"It's a learned thing," Zhara said, walking in to see how the two of them were doing. She was glad that her husband had decided against spanking the child. There was nothing wrong, in her opinion, with children having imagination, and she didn't want Lucas to believe that that was a bad thing. "It's called common sense, honey. As you get older, your common sense will mature as well, so it'll be easier to tell what is right to do, and what is not right."
The little boy looked at his father at first confused, then at his mother as she entered and added her part. "So, ask first?" he replied a bit hesitantly.
"See? You learned already." She smiled as she gave her little one a hug.
"That doesn't mean that you won't have to face consequences for what you did, Lucas. Do you understand that?" Omari asked softly.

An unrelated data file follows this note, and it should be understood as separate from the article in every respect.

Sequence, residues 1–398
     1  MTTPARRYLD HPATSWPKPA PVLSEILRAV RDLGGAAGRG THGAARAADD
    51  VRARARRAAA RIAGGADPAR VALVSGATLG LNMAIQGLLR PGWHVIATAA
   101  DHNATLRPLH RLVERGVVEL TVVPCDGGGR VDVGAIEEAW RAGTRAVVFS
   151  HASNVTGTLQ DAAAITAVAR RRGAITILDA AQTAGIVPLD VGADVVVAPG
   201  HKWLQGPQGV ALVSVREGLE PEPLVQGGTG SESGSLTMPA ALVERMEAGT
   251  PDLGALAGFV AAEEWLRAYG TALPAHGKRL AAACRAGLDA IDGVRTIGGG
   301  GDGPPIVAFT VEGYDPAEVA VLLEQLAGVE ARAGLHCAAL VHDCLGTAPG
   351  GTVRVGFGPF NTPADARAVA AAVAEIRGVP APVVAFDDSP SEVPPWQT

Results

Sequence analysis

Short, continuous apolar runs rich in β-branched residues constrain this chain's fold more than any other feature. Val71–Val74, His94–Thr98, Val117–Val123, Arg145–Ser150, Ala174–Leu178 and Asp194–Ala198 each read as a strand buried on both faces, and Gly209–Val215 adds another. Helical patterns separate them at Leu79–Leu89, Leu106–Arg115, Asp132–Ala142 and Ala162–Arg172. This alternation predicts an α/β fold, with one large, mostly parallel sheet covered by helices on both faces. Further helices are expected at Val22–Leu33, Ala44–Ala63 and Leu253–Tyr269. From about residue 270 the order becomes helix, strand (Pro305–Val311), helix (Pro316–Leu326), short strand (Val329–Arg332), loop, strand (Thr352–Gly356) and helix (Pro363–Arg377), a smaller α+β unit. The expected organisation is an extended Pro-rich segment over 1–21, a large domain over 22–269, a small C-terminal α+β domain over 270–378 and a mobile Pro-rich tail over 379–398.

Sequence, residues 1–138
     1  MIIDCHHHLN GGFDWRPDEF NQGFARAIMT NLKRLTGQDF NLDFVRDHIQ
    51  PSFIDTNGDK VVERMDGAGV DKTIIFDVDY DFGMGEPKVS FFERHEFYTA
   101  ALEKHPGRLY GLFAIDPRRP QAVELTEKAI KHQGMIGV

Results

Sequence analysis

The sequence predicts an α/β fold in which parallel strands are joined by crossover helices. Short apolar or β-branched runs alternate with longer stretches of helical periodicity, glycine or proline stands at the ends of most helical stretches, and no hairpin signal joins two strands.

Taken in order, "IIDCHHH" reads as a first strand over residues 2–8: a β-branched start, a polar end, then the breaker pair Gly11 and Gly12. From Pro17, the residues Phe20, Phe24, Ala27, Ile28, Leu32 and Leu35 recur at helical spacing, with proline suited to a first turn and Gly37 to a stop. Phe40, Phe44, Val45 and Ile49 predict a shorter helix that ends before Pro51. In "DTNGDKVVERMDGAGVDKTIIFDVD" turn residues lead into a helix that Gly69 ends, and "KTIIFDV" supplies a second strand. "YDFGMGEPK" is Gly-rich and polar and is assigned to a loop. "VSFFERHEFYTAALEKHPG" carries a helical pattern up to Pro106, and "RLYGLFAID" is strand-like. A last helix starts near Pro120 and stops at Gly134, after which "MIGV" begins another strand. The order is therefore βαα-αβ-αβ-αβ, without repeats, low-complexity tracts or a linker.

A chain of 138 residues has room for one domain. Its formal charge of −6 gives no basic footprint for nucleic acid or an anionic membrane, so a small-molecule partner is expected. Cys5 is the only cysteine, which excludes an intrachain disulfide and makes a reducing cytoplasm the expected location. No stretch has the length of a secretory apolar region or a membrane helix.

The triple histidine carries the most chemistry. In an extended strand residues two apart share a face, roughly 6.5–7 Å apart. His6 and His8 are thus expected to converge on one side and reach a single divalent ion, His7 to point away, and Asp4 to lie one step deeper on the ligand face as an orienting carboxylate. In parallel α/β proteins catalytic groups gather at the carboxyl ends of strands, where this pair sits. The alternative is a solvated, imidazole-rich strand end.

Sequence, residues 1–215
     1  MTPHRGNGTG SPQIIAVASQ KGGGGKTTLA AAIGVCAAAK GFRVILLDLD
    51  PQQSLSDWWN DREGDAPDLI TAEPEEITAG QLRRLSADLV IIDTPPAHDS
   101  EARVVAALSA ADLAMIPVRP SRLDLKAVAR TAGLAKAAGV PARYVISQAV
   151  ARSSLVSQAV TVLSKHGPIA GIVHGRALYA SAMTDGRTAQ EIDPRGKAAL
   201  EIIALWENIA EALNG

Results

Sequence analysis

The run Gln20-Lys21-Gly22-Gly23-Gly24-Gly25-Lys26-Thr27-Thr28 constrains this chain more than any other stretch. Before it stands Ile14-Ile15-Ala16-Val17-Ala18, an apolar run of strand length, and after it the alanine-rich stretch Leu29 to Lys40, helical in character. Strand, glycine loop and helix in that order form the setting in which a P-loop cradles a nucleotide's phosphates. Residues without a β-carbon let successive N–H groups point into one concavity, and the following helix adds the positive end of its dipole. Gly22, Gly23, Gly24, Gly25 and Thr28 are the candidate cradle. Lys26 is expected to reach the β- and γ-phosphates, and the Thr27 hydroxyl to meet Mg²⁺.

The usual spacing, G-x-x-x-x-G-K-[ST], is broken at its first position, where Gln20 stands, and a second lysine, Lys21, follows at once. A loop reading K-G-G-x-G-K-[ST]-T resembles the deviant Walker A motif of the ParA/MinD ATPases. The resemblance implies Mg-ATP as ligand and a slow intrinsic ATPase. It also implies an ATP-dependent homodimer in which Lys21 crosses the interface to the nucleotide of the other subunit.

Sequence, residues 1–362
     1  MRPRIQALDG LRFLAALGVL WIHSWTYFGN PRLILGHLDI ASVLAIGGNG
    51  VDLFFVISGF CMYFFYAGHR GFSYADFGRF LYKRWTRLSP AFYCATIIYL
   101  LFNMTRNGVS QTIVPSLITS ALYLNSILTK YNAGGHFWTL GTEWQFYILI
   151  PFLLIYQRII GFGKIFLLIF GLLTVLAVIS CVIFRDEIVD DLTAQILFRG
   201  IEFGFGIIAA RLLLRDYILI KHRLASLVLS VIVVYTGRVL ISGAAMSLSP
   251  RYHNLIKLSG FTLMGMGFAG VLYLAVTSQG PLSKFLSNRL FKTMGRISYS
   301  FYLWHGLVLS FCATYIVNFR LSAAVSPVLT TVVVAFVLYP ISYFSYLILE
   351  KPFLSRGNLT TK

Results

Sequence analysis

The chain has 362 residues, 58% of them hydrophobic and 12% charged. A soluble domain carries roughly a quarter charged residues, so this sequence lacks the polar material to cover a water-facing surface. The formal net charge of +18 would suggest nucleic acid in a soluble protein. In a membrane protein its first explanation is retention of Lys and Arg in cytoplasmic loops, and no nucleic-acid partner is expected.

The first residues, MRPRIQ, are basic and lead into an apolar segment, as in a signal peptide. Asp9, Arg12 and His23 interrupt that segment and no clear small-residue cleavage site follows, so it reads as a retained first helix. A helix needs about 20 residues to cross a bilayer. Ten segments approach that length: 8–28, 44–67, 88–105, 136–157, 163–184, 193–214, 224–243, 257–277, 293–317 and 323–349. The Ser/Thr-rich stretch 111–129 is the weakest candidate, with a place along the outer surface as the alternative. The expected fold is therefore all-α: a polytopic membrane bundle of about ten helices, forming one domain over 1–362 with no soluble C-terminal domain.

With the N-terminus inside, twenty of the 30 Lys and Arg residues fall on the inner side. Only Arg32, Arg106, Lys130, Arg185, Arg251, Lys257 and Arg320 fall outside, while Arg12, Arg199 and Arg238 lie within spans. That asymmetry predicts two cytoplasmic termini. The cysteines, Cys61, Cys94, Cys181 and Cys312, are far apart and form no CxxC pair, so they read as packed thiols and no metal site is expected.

The youngster looked at the man, sadness in his eyes. "Yeah, 'cause I was bad."
"You're not bad, you behaved badly, if you can understand the difference," Zhara offered.
"Mama and I have decided that your punishment will be that you'll be helping with the chores for the rest of the day, and an early bedtime. Right after you read your story, and it'll be lights out after the stories for the next week. No horsing around, just straight to bed."
Lucas bit his lip, then with a big sigh said, "Yes Papa."
That evening after dinner, Lucas sat on the comfortable couch and opened the next book. At first, he wasn't the least bit happy looking at it, but as he read the more he found he enjoyed it and was quickly engrossed. Omari took out his phone and began to record, paying special attention to his little boy's rapt expression and the smile on his lips.